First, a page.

by Gabrielle C. Durham
Did completing your taxes seem a Herculean task? Did cleaning your adolescent bedroom compare to mucking the Augean stables? Are you more jovial or saturnine by nature? Do you or anyone you know suffer from narcissism? Did you see the movie Titanic? Have you ever been hypnotized? Do you want to go on an odyssey? These questions are all so tantalizing, no?
These are not the non sequiturs they may initially seem. Each one refers to Greek or Roman mythology. From echoing valleys to arachnophobia, mythology is a vocabulary geyser for so much of the Western world. Mythology serves us so well for these are the timeless stories of our culture. Depending on how you ethically roll, mythology tends to be more convenient, more easily encapsulated than most forms of organized religion. There’s no grey area with the Greek and Roman gods: Zeus/Jupiter was a tramp, Ares/Mars was a hothead, and Aphrodite/Venus was trouble to any romantic union.
After reading and hearing some of the myths and how they reverberate through literature and entertainment, we grasp some universals of human behavior. The characters and their situations serve as shorthand. Don’t we all understand the admonition not to be arrogant like Icarus and fly too close to the sun with our waxen wings? For those of us who indulge, perhaps overmuch in some bacchanals, we know In vino veritas (In wine there is truth), courtesy of Dionysus/Bacchus. This saying conveys in many languages.
Here are some of the stories behind the terms used in the first paragraph.
Herakles/Hercules was a Greek hero who was promised immortality if he could complete 12 impossible tasks, including beheading the nine-venomous-headed Hydra, stealing the belt of Hippolyta, queen of the Amazons, and cleaning the endless stables of King Augeas in one day. Any Herculean task seems impossible and requires either great strength or great dexterity.
The word “jovial” comes from the vocative form of the Roman god Jupiter’s name, Jove, as in the phrase “By Jove!” Jupiter/Zeus was believed to share his happiness and good fortune through his good nature (despite countless examples of his not-so-good temper). Is a gregarious or convivial person god-like? Possibly.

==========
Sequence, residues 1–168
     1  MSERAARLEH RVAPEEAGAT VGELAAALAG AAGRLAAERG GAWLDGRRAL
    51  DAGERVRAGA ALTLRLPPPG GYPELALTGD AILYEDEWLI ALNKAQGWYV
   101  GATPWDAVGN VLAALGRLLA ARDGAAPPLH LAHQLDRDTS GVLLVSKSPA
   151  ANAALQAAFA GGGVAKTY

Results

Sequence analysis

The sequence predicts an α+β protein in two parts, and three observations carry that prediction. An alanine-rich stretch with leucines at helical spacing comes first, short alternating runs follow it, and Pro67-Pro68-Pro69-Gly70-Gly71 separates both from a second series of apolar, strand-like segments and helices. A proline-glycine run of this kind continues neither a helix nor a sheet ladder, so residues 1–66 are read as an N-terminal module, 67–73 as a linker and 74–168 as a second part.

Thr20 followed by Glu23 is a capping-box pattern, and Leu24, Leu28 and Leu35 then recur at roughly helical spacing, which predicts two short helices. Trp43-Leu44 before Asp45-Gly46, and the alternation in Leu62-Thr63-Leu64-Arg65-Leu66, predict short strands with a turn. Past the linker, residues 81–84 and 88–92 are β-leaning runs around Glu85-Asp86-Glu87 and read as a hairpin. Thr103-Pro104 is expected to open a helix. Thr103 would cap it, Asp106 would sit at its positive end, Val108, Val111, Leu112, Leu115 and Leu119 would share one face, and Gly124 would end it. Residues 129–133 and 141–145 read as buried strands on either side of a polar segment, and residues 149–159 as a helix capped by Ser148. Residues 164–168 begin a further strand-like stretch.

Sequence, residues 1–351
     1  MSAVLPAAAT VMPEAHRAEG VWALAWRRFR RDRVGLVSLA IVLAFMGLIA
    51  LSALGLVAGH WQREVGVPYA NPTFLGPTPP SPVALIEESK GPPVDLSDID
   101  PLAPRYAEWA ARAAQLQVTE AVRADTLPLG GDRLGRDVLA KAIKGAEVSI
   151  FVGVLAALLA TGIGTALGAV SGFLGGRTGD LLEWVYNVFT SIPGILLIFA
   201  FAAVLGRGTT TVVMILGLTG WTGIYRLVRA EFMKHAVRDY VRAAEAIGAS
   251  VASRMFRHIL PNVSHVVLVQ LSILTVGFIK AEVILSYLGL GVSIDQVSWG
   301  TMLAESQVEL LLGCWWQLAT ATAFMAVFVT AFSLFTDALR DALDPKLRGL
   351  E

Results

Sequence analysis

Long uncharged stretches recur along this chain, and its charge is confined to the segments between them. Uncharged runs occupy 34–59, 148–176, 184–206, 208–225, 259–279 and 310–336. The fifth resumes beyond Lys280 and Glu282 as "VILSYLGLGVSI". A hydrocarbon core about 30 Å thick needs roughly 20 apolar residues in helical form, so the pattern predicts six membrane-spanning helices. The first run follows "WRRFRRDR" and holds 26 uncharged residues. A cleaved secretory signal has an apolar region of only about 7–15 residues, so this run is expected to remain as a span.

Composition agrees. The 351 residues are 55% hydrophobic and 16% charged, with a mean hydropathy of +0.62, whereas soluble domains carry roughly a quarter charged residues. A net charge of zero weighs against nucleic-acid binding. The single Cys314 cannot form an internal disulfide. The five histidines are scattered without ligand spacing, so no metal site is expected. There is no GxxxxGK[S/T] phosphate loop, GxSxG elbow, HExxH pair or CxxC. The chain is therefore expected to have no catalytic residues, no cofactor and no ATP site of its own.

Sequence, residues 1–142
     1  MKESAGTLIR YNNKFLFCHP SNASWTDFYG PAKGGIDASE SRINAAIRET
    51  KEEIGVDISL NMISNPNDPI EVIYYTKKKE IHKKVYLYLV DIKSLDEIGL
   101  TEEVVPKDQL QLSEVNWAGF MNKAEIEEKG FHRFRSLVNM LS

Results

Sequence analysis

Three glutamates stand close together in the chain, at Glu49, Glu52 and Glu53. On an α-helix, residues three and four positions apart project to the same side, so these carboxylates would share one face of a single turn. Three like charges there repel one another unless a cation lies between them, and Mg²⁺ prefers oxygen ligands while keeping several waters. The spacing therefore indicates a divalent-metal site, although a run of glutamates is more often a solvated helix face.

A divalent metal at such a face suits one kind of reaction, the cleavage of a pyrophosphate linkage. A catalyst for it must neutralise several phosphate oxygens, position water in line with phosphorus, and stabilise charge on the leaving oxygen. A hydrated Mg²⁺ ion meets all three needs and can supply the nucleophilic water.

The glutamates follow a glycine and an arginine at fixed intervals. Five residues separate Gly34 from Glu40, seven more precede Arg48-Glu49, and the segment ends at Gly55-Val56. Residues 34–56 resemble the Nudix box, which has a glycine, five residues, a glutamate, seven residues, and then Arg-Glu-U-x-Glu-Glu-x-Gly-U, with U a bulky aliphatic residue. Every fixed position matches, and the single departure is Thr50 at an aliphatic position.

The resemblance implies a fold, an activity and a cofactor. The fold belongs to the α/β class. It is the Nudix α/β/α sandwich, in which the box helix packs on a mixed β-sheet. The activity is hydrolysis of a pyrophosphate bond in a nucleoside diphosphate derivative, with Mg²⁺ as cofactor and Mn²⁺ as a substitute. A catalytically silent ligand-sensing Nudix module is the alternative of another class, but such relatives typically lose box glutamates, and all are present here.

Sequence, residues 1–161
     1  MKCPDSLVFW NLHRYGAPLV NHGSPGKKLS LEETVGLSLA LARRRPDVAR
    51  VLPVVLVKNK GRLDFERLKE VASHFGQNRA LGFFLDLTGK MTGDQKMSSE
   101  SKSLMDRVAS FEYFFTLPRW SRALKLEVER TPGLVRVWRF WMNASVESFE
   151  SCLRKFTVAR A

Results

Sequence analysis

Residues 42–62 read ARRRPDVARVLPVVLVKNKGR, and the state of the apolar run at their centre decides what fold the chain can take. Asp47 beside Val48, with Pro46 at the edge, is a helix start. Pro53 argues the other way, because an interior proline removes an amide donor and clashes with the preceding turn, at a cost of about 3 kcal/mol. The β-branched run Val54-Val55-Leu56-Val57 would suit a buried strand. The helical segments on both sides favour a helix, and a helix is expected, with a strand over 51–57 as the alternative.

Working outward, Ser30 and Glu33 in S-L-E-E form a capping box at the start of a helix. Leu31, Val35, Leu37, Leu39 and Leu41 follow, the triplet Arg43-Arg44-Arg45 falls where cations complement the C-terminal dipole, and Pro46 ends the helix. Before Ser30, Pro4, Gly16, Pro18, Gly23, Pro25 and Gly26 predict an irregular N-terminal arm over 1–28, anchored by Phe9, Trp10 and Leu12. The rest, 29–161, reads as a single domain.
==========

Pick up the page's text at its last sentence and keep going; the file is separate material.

“Saturnine” comes from the Roman god of agriculture, who is depicted with two faces. His was a gloomy, bitter disposition, and anyone born under this sign is also supposed to share these personality traits.
There are several versions of the myth of Narcissus. The most common is that the young, attractive man Narcissus spied his own reflection in water and fell instantly, hopelessly in love. He died when he could not possess the object of desire (himself), leaving only the flower we now call narcissus. His flagrant self-love had bestowed the name of narcissistic personality disorder. Echo was an unfortunate nymph who loved Narcissus so desperately, but due to an advanced case of logorrhea, was forbidden to speak her own words and could only repeat what other people said until she withered away to only the sound of a voice.
The great, unsinkable ship Titanic was named after the children of Gaia and Uranus and the progenitors of the Olympians, including Zeus and Hera: the Titans. The Titans included Cronus, who ate his children Zeus, Demeter, Hades, Poseidon, Hera, and Hestia, goddess of the hearth. The Titans were supposed to be indomitable, much like the cursed cruise liner.
“Hypnotized” comes from the god Hypnos, who was steward of sleep and the father of Morpheus, or dreams. At least twice, Hypnos outwitted the father of gods Zeus with his somnolent powers.
An “odyssey” is a great trip, inspired by Homer’s Ulysses, aka The Odyssey. The hero is the trickster Odysseus, who survived the Trojan War only to be blown all over creation on his way home to Ithaca to wife Penelope and son Telemachus. He endured many trials in his decade’s journey, including withstanding the Sirens’ song, Circe’s seduction of him and turning his men into pigs, and passage through Scylla and Charybdis (in present-day Turkey). May your odyssey be far less adventurous than his was.
Tantalus was another son of Zeus. He committed some minor infractions in the name of greed, which incurred the gods’ ire, but they gave him the benefit of the doubt, until he cooked and served his son Pelops to them for a feast. The Olympians were so horrified that they devised his punishment to be placed close to water and a fruit tree but never able to consume either. He was doomed to suffer from eternal thirst and hunger; every time he tried to take a bite from the nearby fruit tree or sip from the water, the items would move just out of reach and he would be thwarted in his desires, forever “tantalized.”
“Arachnophobia” comes from Arachne, a skilled weaver who challenged the goddess Athena to a competition. (When will humans learn not to challenge the gods? It never works out the way they think it will.) Athena was insulted and transformed Arachne into a spider, who continues spinning her intricate webs today.
We didn’t even touch on any of the other mythologies that serve our language and idiom. Let’s hope some of the old gods don’t take it too personally.